01. Summarize your life in a few sentences.
Former non-profit idealist, current data-loving communications do-gooder still trying to change the world.
02. Tell us about your education background.
I graduated from the University of Wisconsin-Madison in 2004 with a BA in English Literature and immediately went on to graduate school at Valparaiso University, graduating in 2006 with an MA concentrating on International Human Rights.
03. How did you start your business?
After I was fired from a job at a non-profit where I had great success motivating volunteers and raising funds on social media, I had a number of friends and colleagues ask me for advice on how to improve their business, personal or organizational presence online. I resisted the idea of starting my own business for about a year, as I was terrified of failure, but eventually it became obvious that was the right path and I dove in headfirst.
04. What inspired you as a creative woman?
I’m inspired by all the people in our world who continue to use their voice to advocate for causes, issues and rights online despite being threatened and even though it poses great security risks to them or their families. I’m also very inspired by nature – I love to garden and being out on a lake resets my soul in times of stress.
05. What’s the biggest mistake you’ve ever made on your job or on your business, and how did you get through it?
While working for others, I believed if I did my job well that would be enough – it wasn’t, and that was a really hard lesson to learn. In my business, I’ve made tons of mistakes, from big financial ones (like significantly underbilling clients due to an Invoice typo) and hiring people who couldn’t perform (and thus almost losing clients) to small ones (like sending emails for conference calls that say 8PM instead of 8AM – whoops). When mistakes happen, I’m honest with the client, apologize, explain what steps I’m taking internally or externally to fix the problem, try to forgive myself (that’s the hardest part!), and move on to the next day knowing just a little bit more than I did the day before.
06. If you won a lottery today, will you still continue to build your business?
Yes. Without a doubt. I would continue to work, but be more selective in what kind of work I take on, and I would donate most of the lottery money to charity.
07. Walk us through your day as CEO/Founder of Arka Pana Consulting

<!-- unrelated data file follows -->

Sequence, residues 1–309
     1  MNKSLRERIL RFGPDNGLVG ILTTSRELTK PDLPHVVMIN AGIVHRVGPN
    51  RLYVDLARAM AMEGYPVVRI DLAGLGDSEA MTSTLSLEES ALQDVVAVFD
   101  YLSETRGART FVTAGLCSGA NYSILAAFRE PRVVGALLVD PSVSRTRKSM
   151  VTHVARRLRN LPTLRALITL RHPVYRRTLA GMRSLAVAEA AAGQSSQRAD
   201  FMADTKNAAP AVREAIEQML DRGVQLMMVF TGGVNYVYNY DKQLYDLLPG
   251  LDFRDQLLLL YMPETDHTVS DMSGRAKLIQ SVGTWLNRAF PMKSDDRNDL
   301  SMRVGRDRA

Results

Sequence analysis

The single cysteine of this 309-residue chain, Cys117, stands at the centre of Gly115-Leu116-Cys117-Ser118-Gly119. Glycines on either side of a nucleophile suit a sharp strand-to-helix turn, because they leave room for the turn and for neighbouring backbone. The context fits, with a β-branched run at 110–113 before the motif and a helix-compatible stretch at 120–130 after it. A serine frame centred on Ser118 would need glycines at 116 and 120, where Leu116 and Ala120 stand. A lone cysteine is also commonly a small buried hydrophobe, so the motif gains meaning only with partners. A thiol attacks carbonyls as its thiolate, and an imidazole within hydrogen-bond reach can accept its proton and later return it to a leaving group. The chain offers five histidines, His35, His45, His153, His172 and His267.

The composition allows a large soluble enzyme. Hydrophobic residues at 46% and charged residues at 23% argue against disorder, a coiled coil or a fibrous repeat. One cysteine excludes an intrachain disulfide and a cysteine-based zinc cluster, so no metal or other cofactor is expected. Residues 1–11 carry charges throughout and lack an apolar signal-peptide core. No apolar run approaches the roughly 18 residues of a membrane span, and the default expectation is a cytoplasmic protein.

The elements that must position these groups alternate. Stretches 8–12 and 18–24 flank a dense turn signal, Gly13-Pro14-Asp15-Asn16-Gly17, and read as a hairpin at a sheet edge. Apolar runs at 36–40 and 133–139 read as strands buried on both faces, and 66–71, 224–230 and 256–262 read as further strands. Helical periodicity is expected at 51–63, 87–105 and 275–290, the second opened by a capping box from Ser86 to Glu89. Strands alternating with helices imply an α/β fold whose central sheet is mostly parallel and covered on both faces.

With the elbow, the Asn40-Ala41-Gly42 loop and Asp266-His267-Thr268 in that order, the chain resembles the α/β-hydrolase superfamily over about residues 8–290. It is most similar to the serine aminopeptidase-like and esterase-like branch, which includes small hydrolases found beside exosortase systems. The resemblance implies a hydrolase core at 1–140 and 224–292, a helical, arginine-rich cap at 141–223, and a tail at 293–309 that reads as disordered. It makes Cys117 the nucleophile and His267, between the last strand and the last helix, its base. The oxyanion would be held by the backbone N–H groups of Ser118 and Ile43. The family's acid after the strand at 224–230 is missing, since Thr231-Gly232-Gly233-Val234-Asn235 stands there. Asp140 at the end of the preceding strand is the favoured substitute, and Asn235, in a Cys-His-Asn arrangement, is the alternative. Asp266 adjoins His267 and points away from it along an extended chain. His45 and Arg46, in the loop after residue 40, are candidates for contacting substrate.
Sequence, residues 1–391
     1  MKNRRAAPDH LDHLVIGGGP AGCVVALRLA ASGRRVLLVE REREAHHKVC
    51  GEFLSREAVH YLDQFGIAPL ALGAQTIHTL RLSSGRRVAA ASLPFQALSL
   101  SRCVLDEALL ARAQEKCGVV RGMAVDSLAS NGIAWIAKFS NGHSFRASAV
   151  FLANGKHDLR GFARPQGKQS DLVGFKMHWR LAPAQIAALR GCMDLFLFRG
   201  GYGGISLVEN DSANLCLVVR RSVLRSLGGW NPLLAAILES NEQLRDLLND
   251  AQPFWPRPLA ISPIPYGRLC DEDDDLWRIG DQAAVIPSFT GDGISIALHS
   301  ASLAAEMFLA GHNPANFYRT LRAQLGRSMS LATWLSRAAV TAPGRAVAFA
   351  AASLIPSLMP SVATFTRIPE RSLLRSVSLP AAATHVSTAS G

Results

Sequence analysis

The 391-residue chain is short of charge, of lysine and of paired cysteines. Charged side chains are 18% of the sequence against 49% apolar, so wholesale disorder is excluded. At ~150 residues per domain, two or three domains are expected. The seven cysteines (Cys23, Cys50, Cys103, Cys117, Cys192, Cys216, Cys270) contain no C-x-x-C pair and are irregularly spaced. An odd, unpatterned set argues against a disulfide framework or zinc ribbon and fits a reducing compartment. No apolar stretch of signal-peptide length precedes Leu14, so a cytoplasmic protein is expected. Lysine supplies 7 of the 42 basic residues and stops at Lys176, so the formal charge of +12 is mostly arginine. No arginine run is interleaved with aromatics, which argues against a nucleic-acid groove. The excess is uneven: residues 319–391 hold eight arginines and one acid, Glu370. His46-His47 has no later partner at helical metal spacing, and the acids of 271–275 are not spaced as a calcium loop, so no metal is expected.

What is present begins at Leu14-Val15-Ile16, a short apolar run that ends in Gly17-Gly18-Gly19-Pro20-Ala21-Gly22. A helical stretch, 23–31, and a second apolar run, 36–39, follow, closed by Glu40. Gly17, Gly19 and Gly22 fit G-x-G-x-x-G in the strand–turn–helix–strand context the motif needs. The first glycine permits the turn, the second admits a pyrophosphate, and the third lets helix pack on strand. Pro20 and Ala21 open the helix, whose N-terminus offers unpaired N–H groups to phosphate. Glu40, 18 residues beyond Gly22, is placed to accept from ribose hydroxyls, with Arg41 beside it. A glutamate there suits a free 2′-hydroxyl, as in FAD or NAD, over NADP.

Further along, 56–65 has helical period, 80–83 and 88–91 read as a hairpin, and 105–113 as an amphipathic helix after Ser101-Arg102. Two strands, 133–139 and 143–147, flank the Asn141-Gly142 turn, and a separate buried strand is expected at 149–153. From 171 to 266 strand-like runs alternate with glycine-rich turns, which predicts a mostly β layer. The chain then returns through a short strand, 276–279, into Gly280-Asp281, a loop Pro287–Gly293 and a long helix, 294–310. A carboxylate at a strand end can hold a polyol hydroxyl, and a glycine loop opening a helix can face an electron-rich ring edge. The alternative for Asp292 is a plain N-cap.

I wake up between 5-6am and go straight to my computer to check if any urgent emails have come in overnight. After doing a once-over of my inbox, flagging anything that needs attention but not immediately, I take my dog for a walk along the lake. Maintaining that routine is incredibly important for my physical and mental health, as well as taking a break from the computer screen. I try to schedule most conference calls on Mondays and most in-person meetings on Thursdays, which cuts down on travel time and sets the expectation for my staff (and clients) about my availability. Other than when I’m on calls, or in meetings, I’m answering emails, researching, scheduling, and designing social media content, and – perhaps most importantly – analyzing data.
08. What has been the highlight of your career thus far?
There have been a few big moments since I’ve started my business, but those that stand out include the first time I turned down a potential client (I needed the money early on, but it wasn’t a good fit – and that was incredibly empowering), the first time I had a client renew after a 12-month contract (I pride myself on maintaining an 80%+ client retention rate), when my business hit six figures in income, and the many times people who weren’t believers in social media – or me – came back to explain their conversion.
09. Where or what do you think you will be/do in the next 5 years?
I think I will be doing exactly what I’m doing now, leading a growing business! The business may offer more services, our client base may evolve, our staff may change, but I will be the same.
10. Share a quote/advice that you’d like to tell the 25-year-old you
I’d remind myself to allow my expectations to evolve to incorporate change. Not everything will turn out exactly they want you want it to, even if you work really hard, and that’s okay. In fact, it’s even better.